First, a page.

UK government sets out ambitious proposal for reforming the UK data protection landscape.

By Gail E. Crawford, Ian Felstead, Fiona M. Maclean, Irina Vasile, Timothy Neo, and Amy Smyth

On 17 June 2022, the Department for Culture, Media and Sport (DCMS) published its response to its consultation “Data: a new direction” (the Consultation), setting out the government’s plans to reform the UK data protection regime.

These reforms are part of the UK’s National Data Strategy, which seeks to shift focus from prescriptive requirements to a risk-based approach, thereby making data protection less burdensome for businesses and enabling them to protect personal data in a proportionate and appropriate way. The DCMS has indicated, in comments at a recent conference, that the intention and direction of travel is to build on, improve, and clarify the approach that the UK will take with the UK GDPR in a way that benefits businesses whilst maintaining the same level of data protection for individuals.

This blog post scrutinises some of the Consultation’s key takeaways. For a full list of proposals that are being taken forward pursuant to the Consultation, see this response Annex.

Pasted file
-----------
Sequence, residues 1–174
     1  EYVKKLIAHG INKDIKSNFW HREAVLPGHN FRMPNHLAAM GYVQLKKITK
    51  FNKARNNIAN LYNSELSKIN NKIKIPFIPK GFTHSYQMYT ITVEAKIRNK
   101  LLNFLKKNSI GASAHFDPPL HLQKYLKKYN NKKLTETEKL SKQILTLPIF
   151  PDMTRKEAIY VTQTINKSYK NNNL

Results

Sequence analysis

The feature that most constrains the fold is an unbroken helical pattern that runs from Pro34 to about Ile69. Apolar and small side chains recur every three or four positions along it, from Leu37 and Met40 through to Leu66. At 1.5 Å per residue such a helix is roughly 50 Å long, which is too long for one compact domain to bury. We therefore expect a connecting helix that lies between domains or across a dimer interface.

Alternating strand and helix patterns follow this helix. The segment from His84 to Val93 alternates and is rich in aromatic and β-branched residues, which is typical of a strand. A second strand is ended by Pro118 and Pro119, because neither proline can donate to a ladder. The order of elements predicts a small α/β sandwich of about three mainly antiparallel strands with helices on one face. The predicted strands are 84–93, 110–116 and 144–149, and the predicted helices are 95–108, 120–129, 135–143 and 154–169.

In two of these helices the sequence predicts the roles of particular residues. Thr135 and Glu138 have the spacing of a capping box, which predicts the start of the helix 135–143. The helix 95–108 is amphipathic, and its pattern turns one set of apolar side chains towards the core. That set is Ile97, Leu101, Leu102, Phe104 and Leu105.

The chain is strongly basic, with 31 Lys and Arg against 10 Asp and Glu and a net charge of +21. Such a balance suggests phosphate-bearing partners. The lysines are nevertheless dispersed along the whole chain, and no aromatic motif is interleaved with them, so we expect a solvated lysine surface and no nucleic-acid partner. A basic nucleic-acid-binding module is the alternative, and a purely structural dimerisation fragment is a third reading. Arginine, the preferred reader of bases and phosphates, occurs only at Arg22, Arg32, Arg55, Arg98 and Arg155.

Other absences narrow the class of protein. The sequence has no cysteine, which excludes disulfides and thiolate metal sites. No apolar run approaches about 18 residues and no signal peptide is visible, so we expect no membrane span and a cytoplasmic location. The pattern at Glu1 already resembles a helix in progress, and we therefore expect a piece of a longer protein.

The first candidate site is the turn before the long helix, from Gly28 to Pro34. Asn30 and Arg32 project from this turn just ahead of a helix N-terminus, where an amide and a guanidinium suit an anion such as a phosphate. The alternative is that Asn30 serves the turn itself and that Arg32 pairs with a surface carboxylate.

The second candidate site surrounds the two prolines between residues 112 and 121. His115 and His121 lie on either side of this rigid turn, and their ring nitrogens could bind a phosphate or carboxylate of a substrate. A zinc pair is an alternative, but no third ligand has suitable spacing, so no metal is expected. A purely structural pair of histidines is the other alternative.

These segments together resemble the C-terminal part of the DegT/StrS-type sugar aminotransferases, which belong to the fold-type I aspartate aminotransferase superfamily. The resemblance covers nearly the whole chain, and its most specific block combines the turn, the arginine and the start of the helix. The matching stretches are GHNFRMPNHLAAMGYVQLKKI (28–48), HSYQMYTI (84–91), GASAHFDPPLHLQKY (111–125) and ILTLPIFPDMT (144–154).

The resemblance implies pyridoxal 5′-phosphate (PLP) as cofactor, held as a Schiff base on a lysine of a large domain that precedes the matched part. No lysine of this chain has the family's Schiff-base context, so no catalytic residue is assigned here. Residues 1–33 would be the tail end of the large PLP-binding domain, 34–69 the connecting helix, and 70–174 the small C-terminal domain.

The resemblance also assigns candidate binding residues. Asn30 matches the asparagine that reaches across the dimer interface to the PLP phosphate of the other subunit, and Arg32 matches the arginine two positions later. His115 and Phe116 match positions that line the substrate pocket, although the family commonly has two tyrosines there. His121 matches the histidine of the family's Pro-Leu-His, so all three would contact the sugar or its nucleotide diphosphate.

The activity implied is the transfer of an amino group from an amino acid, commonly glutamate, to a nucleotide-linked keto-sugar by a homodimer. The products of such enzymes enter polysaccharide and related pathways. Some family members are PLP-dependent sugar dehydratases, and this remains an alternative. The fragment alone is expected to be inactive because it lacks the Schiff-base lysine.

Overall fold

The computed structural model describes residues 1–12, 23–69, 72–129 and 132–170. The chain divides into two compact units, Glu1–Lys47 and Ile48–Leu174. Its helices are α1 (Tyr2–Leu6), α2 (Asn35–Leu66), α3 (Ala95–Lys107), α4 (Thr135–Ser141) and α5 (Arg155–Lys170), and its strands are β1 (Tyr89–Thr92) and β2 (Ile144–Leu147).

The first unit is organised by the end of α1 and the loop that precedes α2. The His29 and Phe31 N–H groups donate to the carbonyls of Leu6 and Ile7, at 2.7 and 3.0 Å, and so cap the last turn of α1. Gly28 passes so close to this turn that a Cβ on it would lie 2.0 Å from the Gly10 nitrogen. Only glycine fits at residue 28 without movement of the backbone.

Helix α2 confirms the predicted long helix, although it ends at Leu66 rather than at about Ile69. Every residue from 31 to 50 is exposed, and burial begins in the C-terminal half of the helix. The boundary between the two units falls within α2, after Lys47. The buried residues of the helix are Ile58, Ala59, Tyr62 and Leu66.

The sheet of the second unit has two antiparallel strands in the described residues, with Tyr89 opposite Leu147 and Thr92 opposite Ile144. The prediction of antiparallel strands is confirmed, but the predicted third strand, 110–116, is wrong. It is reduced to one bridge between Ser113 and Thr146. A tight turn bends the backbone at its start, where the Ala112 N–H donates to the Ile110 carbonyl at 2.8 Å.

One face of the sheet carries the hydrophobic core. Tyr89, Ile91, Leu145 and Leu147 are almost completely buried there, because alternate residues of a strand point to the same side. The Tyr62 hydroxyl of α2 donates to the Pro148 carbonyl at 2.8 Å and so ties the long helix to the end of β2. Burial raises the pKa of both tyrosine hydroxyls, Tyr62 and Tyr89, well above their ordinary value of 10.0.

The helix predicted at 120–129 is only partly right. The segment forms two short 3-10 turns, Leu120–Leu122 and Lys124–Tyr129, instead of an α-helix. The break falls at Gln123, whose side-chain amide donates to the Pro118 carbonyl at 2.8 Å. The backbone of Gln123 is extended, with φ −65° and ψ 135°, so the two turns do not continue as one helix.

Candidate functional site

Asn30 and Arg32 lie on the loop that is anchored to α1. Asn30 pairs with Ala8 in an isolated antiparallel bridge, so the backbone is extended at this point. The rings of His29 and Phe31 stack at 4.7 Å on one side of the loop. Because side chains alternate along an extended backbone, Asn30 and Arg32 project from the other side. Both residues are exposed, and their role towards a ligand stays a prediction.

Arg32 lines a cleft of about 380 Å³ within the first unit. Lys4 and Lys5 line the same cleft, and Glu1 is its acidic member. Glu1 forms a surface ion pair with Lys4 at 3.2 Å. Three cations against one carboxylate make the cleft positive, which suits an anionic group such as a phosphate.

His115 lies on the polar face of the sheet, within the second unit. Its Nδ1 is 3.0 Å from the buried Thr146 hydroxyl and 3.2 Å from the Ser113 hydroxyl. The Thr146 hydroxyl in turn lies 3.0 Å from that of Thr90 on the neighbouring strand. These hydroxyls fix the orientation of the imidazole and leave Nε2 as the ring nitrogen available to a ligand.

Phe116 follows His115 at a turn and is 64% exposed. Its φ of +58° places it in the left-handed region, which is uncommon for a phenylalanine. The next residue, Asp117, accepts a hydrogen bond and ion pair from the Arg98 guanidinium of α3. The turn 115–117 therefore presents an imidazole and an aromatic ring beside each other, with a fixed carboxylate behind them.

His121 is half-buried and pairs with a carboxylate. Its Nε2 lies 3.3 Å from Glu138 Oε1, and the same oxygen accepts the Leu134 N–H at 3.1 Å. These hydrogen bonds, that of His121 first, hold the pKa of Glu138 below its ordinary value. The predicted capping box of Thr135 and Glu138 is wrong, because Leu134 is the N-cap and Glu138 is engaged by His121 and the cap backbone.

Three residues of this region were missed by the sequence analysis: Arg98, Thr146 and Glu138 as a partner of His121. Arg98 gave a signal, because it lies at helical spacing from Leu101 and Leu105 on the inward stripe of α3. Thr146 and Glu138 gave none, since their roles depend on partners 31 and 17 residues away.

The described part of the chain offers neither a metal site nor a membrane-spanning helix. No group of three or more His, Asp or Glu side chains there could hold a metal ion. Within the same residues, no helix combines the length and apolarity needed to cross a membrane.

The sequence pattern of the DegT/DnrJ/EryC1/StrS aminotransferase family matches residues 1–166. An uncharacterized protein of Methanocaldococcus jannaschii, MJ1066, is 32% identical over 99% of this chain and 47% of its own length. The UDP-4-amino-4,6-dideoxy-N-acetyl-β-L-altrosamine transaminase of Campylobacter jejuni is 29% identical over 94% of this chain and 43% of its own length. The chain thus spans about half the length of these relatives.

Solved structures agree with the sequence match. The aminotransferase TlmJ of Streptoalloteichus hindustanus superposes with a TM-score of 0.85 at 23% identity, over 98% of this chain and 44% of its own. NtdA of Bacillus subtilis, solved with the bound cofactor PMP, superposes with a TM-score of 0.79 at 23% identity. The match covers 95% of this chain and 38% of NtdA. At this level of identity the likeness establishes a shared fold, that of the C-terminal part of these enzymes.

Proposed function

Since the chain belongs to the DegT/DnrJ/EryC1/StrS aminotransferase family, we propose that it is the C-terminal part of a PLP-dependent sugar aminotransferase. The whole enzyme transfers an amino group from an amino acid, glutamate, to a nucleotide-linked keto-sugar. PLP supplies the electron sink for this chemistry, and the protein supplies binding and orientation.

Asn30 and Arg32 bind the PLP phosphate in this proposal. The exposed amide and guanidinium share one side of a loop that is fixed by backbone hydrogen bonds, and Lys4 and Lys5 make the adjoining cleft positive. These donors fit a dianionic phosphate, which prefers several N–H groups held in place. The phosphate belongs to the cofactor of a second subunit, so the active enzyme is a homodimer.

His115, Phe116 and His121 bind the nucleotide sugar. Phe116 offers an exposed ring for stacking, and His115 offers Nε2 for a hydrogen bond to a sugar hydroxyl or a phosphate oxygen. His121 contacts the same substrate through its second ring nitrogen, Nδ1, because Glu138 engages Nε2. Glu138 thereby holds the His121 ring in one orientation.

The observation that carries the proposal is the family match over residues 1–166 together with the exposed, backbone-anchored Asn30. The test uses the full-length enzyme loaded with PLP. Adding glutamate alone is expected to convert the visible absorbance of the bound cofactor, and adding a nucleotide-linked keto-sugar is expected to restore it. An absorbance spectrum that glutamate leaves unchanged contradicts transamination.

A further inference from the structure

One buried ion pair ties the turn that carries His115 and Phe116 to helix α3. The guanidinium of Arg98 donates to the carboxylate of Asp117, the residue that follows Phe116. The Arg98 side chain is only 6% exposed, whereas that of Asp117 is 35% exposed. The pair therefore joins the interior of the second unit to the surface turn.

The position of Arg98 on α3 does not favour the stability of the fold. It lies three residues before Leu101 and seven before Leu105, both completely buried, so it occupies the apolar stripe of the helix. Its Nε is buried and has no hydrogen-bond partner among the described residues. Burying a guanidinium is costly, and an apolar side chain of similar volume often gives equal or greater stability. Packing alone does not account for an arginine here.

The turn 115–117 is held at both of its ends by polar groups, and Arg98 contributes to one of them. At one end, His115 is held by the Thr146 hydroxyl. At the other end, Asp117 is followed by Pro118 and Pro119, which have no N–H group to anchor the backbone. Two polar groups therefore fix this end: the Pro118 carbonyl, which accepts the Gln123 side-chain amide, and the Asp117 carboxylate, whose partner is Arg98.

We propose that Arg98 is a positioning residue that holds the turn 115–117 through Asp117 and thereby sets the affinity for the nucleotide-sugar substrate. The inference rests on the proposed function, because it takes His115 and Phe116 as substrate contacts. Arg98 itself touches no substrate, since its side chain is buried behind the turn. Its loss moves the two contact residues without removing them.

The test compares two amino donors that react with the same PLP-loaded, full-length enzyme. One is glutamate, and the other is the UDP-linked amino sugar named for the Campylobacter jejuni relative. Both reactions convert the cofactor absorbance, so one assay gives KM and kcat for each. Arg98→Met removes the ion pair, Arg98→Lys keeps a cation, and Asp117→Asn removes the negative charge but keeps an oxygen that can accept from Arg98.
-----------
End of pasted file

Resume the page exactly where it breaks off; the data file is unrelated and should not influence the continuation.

If adopted efficiently, the PCPD’s Ethical Accountability Framework should help organizations to demonstrate and enhance trust with individuals.

By Kieran Donovan

In October, 2018, Hong Kong’s Privacy Commissioner for Personal Data (PCPD) presented the findings of an inquiry into the ethics of data processing, commissioned by the PCPD with the help of the Information Accountability Foundation (IAF). The result of the inquiry, published as the Ethical Accountability Framework, provides an “instruction manual” for processing data in an ethical and accountable manner.

Following on the heels of the PCPD’s report, the Hong Kong Monetary Authority (HKMA) issued a Circular titled Use of Personal Data in Fintech Development, encouraging authorized institutions (AIs) to adopt the PCPD’s Ethical Accountability Framework.